[1] de JERSEY CJ: Each appellant was convicted by a jury in the District Court on 20 August 2003 of the offence, under s 408C(1)(f) of the Criminal Code, of dishonestly inducing the Electoral Commissioner (on 4 December 1997) to register “Pauline Hanson’s One Nation” as a political party under the Electoral Act 1992 (although the Electoral Commissioner was lawfully entitled to abstain from doing that). Each was sentenced to three years imprisonment. The appellant Hanson was additionally convicted pursuant to s 408C(1)(b) of two offences of dishonestly obtaining property, $225,071.07 from the Electoral Commissioner on 2 September 1998 and $273,566.24 on 25 September 1998. She was sentenced to concurrent three year terms in respect of those offences.

[2] The first offence arose from Ms Hanson’s presentation to the Electoral Commissioner on 15 October 1997 of an application to register the political party “Pauline Hanson’s One Nation” under the Electoral Act. The Act required (s70(4)(e)) that the application set out the names of 500 members of the party who were electors. The appellant Mr Ettridge arranged for the requisite list to be produced, for the purpose of presentation in support of the application for registration, and it accompanied the application which was presented by Ms Hanson to the Electoral Commissioner.

[3] The Crown contended that those on the list were not members of the party, but members only of a separate, incorporated body, the Pauline Hanson Support Movement, and that appreciating that, the appellants dishonestly presented the list in support of the application for registration. There was direct liability in the case of Ms Hanson – who actually presented the list to the Electoral Commissioner, and liability under s 7 of the Criminal Code in the case of Mr Ettridge, on the basis he aided Ms Hanson. In convicting the appellants, the jury must of course have been satisfied of those matters beyond reasonable doubt.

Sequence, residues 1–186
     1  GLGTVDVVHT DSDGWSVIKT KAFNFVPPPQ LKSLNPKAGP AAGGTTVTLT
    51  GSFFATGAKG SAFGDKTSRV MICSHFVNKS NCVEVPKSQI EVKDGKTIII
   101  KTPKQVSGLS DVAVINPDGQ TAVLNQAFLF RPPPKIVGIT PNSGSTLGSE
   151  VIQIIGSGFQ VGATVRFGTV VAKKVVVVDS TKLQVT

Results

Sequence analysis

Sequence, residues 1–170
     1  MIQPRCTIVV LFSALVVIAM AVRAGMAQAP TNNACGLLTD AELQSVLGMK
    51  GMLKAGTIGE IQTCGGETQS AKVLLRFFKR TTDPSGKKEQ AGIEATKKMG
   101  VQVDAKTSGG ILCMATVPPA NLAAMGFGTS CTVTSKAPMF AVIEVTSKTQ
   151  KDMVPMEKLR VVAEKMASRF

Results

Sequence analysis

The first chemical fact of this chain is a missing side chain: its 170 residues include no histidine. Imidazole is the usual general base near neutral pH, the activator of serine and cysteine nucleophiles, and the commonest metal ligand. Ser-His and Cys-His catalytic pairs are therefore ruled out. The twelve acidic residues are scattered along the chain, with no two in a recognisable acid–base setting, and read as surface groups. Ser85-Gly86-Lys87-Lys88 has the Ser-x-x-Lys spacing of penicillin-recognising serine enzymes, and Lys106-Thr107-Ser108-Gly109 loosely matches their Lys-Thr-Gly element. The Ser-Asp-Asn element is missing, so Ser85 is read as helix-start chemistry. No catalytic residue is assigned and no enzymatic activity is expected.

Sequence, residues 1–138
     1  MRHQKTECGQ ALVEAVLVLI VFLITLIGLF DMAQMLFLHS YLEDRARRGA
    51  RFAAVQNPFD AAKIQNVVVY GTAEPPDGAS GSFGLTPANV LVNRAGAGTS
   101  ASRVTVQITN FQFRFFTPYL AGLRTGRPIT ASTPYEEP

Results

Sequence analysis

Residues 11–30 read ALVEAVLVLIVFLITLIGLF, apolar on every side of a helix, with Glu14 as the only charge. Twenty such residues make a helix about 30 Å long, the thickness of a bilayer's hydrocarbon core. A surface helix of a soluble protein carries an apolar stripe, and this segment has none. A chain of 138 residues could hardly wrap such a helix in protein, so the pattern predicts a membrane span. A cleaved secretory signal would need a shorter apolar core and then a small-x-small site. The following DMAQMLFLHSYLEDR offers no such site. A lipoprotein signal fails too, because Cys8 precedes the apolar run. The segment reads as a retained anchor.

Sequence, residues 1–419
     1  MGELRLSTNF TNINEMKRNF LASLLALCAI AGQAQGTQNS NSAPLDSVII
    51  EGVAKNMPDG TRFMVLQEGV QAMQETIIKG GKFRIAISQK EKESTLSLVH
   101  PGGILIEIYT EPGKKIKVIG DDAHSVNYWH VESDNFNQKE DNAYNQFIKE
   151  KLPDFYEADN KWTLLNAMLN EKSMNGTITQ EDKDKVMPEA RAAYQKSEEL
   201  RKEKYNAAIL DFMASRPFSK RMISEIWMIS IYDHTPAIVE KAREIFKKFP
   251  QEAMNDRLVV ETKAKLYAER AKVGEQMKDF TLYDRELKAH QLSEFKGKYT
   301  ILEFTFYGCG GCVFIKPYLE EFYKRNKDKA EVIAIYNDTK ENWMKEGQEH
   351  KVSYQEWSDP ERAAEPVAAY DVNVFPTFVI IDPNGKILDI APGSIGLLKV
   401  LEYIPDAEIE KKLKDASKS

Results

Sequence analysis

[4] The second and third counts, in respect of the appellant Ms Hanson alone, concern payments made to her, as agent of the registered political party Pauline Hanson’s One Nation, following the success at the 1998 Queensland State election of candidates endorsed by that party. The dishonesty found by the jury must have rested in the appellants’ dishonestly securing the registration of the party on the same basis as involved in the first count – that is, relying on a list of names of persons purportedly being members of the party, but in fact, as the appellant Ms Hanson knew, members of the separate support organization.

[5] Those additional counts in respect of Ms Hanson were subsidiary to the subject matter of count one. Once registration of the political party, Pauline Hanson’s One Nation, contemplated under count one, had been effected, then consequentially upon the subsequent electoral success of its endorsed candidates, the registered officer of that party was statutorily entitled to claim the payments which were in fact made. In that way, Ms Hanson’s commission of the second and third offences charged was subsidiary to the first.